Those with shallow pockets, or those with deep ones who believe that a measure of self-denial is an essential prerequisite to spiritual growth, should head for Koh Yao Noi or Koh Phangan, where the density of yoga and meditation centres means that there is one to suit almost anyone’s needs. Koh Phangan offers the widest choice of yoga and meditation centres, with Koh Yao Noi offering the most peaceful environment.
“Don’t just do something, sit there.”
Koh Phangan’s Ayurvana spa at the Santhiya resort (www.santhiya.com) is the luxury choice, with the following other options available:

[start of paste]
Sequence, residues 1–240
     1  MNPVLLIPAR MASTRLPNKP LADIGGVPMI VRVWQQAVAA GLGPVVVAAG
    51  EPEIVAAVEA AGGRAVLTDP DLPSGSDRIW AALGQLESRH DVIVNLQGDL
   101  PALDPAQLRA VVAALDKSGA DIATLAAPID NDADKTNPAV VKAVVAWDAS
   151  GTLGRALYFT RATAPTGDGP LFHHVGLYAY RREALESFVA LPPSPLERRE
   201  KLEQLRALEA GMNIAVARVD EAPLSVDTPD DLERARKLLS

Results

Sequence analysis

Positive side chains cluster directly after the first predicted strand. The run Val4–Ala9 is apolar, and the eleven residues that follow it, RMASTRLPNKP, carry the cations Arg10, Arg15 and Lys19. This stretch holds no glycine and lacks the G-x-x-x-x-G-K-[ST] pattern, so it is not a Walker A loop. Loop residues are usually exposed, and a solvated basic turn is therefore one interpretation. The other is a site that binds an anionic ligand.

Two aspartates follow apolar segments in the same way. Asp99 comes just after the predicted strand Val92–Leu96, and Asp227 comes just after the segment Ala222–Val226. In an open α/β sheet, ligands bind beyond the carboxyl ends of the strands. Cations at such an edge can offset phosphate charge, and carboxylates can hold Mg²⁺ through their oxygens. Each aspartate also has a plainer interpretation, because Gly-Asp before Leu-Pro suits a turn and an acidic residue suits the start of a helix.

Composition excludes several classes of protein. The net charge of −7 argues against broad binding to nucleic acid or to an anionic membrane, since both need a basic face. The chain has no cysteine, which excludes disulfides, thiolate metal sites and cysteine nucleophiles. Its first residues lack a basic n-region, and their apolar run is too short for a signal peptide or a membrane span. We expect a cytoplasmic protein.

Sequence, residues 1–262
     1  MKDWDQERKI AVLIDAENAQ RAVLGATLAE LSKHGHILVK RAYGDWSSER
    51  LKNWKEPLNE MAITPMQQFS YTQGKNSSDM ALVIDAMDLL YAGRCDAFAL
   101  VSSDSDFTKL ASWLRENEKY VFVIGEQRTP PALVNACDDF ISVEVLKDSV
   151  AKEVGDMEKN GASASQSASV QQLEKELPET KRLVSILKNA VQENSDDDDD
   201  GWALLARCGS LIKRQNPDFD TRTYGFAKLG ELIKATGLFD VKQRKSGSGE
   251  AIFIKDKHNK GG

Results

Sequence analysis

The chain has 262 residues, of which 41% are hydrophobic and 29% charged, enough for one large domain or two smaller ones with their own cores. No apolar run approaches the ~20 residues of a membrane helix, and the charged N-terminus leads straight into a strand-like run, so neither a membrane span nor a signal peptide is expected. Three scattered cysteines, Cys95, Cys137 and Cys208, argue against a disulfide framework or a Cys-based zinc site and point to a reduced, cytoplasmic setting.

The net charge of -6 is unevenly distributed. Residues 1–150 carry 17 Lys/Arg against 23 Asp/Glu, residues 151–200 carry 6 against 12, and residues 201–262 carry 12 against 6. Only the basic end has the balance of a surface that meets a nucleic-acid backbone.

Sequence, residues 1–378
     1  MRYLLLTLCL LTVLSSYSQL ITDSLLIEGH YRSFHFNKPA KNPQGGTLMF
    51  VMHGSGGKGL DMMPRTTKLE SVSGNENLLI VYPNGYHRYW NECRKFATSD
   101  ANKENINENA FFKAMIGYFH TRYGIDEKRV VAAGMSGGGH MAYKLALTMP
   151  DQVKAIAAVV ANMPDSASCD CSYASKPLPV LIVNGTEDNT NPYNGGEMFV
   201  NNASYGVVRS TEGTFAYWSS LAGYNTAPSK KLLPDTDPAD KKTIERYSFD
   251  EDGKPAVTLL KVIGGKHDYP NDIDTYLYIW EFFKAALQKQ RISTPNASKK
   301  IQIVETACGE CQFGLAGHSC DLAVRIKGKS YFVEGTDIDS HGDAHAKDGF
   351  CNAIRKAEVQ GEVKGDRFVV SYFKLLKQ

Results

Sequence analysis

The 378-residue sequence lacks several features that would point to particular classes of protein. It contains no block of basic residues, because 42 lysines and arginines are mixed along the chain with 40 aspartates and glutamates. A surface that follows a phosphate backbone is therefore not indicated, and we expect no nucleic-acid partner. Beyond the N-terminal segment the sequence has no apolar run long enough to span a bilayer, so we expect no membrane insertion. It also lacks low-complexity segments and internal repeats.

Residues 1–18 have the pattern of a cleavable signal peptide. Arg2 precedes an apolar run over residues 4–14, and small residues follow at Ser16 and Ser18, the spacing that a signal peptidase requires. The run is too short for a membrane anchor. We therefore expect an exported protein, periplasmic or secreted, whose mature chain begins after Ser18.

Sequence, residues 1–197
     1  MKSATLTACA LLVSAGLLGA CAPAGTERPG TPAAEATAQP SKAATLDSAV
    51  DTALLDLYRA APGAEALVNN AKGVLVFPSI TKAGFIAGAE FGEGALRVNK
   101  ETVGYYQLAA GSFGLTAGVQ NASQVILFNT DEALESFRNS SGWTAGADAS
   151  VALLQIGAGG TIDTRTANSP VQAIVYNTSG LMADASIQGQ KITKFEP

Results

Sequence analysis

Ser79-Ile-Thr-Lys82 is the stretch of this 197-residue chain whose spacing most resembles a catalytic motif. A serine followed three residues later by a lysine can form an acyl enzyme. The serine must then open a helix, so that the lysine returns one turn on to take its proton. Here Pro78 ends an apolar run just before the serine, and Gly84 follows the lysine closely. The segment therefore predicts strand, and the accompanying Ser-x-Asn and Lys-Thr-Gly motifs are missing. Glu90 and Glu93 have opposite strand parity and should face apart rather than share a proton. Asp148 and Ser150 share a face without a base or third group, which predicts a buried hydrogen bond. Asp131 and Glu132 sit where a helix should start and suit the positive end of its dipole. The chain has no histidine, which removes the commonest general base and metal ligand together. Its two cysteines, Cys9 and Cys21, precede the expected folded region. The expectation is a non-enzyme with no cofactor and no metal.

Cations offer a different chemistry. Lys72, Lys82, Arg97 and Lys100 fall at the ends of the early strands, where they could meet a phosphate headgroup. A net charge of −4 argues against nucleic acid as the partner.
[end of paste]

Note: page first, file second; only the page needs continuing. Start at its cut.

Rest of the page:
The Pyramid Yoga Centre (www.pyramidyoga.com) runs daily yoga classes and is situated near the lovely Haad Yao beach.
The Monte Vista Retreat Centre (www.montevistathailand.com) offers cleansing, detoxification, fasting and colonic treatments, with personal counselling, in a superb location overlooking Ang Thong Marine Park.
The Yoga Retreat (www.yogaretreat-kohphangan.com) offers Pilates and Alexander technique treatments.
At The Sanctuary (www.thesanctuarythailand.com) there are daily yoga classes for both beginners and experienced yogis.